I was amazed that this small, dark Russian woman, emitting energy and strength was able to communicate with me in English, heavily accented and basic but completely comprehensible. It was only one of many extraordinary things about her. She wanted to know about the campaign and who else I was meeting, [one of them was the mother of Anatoly, later Natan Sharansky, but that’s another story] and about the tourist program and whether there would be another opportunity for us to meet, [there was, with other refuseniks in Red Square and outside the synagogue]. Above all, she wanted to hear about my family, especially the children. She showed me around her flat and there I found further evidence of her dedication to her mission. Pinned behind her bathroom door was a list of ten words in English with what I assumed was the Russian equivalent alongside. I asked her about it. They were the ten more words she had to learn that day because, she said, if she was to be of any help to her fellow refuseniks, she would have to be able to speak in their own language to those who might have influence with the Russian authorities.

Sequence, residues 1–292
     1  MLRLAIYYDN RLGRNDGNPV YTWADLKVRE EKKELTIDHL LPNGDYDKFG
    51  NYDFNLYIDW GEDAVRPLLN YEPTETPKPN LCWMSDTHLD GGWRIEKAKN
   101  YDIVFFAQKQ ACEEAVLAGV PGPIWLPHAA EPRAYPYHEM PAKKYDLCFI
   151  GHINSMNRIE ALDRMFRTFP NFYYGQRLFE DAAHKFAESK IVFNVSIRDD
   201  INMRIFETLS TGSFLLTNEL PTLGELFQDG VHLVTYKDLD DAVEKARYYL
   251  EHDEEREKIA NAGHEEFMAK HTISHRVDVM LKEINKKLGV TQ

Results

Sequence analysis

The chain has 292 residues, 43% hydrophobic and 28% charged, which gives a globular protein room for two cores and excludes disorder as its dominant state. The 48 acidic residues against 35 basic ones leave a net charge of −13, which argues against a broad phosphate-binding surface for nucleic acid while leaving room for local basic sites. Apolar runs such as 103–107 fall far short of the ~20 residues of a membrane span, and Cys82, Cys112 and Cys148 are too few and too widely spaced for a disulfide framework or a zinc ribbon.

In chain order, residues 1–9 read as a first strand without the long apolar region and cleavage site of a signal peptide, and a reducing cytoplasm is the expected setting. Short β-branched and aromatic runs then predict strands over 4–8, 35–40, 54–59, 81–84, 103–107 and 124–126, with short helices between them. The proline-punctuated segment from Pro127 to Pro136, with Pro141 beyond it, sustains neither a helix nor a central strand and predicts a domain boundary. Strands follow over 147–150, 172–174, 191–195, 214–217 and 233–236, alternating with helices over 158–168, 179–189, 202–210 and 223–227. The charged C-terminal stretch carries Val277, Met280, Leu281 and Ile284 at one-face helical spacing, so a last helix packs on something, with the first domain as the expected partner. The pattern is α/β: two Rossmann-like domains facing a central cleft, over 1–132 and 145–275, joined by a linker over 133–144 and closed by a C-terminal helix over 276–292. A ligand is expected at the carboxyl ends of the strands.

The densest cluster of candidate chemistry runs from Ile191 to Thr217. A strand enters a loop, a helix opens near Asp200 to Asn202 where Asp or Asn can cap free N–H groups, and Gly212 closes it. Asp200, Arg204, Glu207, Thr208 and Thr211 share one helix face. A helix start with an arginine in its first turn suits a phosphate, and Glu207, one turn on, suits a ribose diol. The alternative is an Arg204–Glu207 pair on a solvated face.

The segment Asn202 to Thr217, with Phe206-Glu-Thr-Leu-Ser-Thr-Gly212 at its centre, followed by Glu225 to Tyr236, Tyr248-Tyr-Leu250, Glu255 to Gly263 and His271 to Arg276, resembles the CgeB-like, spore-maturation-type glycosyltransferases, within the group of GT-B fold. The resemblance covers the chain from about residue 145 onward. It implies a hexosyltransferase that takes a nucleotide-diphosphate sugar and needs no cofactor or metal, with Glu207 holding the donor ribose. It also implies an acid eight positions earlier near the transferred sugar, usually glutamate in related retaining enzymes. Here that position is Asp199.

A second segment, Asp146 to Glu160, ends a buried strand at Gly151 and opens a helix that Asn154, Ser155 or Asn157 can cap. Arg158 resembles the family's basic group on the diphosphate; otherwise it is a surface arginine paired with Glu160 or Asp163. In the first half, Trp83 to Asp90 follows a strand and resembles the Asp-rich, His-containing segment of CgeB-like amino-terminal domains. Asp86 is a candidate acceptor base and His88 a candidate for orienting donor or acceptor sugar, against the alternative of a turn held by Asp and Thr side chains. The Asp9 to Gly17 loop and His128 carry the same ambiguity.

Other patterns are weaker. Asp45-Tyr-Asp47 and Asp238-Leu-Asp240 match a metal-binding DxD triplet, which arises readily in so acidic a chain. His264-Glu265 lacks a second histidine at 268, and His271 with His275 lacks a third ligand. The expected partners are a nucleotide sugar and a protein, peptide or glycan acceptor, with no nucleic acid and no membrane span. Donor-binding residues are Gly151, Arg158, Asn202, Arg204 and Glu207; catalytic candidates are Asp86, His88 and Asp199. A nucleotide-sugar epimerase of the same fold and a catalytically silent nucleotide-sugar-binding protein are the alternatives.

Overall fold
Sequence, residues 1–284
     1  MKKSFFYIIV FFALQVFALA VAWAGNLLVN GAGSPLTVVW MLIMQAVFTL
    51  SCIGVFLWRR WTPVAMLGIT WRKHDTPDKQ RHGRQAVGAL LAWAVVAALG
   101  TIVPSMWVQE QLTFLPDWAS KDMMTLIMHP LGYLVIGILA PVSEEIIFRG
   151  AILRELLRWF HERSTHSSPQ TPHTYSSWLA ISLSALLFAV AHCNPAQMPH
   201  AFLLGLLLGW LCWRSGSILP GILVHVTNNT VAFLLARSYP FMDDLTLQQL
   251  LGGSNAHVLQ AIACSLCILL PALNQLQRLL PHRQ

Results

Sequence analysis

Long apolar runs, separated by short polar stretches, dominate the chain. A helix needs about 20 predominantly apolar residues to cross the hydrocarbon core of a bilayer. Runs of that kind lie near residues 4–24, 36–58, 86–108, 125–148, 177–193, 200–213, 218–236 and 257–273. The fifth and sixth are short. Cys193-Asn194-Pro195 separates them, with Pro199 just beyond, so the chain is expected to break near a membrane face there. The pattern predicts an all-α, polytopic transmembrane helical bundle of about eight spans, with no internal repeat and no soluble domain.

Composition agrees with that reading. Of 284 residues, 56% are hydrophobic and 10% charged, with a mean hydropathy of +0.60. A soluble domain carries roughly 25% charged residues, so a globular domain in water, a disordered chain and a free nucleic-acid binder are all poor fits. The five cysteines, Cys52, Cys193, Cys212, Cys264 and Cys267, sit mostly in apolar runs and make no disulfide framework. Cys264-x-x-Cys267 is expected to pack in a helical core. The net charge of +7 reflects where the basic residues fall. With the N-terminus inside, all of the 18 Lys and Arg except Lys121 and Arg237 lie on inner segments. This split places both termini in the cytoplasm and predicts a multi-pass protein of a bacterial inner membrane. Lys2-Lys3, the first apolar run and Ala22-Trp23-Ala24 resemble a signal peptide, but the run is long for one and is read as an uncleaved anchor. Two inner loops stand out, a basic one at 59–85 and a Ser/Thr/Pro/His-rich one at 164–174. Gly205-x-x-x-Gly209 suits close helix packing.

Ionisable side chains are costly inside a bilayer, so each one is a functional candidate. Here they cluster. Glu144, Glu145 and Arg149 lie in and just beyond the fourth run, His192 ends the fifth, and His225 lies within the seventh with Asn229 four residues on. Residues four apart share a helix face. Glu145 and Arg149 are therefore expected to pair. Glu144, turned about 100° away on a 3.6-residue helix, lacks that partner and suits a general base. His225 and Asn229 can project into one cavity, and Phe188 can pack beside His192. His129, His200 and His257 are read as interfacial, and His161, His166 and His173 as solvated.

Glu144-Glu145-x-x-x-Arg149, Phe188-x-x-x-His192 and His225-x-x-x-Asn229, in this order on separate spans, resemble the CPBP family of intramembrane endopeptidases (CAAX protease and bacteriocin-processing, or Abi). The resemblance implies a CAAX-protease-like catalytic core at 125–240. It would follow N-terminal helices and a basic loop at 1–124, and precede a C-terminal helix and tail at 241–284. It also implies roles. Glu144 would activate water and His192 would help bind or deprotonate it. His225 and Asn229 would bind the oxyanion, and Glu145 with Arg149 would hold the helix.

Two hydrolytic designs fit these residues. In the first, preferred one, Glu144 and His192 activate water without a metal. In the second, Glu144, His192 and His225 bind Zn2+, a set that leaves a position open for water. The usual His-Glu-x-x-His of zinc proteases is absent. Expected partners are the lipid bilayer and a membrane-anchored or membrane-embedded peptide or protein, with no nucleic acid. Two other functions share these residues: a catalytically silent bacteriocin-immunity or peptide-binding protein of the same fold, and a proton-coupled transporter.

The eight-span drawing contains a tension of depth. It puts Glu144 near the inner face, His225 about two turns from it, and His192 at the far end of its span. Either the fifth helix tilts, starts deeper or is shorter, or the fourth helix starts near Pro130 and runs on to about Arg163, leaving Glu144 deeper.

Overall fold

A year later, Ida was arrested and charged with hooliganism for hanging a sign from her balcony saying, “KGB, give me my exit visa to Israel.” She was sentenced to four years exile in Siberia where she found work as a factory guard but was essentially isolated from all around her. We somehow managed to maintain contact. Before she left, she had arranged for my elder son to receive carved wooden chess set for his bar mitzvah and, miraculously, from Siberia, I received a soup tureen complete with a ladle and four bowls. Most of the messages I received were more about the dog she had acquired to keep her company, than about the harsh conditions she endured. At the end of the four years, she was released but was forbidden to return to Moscow. Eventually, she found a place to live in Bender,  Moldavia where she stayed until 1987 when, following pressure from celebrities and influential Jewish businessmen, Gorbachev, the general secretary of the Communist Party, granted her a visa.

She arrived in Israel to a heroine’s welcome, headed by Yitzhak Shamir, the then-prime minister. Shortly afterward, she was hosted on a tour of honor which included England where I was able to reciprocate her hospitality and she was finally able to meet my family. On her return to Israel, she established a fund to assist mothers who arrived alone with children from Russia or were in financial difficulties here. She kept it going for some years, but age, declining health, and, in my view, the absence of a cause that required her kind of commitment, left her with a degree of disappointment in her new life. I last saw her, again with Zelda, over lunch in the cafeteria of the Weizmann Institute in Rehovot where she lived. Caring as ever, she lectured us on what we should and should not eat if we wished to live to old age. She clearly followed her own advice.

The writer is an author, former journalist and former head of the British Desk at the Jerusalem Foundation.